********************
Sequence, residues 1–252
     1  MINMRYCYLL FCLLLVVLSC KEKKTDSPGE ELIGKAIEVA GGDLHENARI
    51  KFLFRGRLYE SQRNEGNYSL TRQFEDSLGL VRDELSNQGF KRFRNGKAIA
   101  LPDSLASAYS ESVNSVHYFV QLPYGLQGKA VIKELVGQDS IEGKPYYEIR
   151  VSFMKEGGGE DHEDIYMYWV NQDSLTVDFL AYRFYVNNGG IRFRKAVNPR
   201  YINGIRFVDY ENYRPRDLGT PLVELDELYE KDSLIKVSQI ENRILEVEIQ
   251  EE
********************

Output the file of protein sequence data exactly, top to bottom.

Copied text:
Sequence, residues 1–252
     1  MINMRYCYLL FCLLLVVLSC KEKKTDSPGE ELIGKAIEVA GGDLHENARI
    51  KFLFRGRLYE SQRNEGNYSL TRQFEDSLGL VRDELSNQGF KRFRNGKAIA
   101  LPDSLASAYS ESVNSVHYFV QLPYGLQGKA VIKELVGQDS IEGKPYYEIR
   151  VSFMKEGGGE DHEDIYMYWV NQDSLTVDFL AYRFYVNNGG IRFRKAVNPR
   201  YINGIRFVDY ENYRPRDLGT PLVELDELYE KDSLIKVSQI ENRILEVEIQ
   251  EE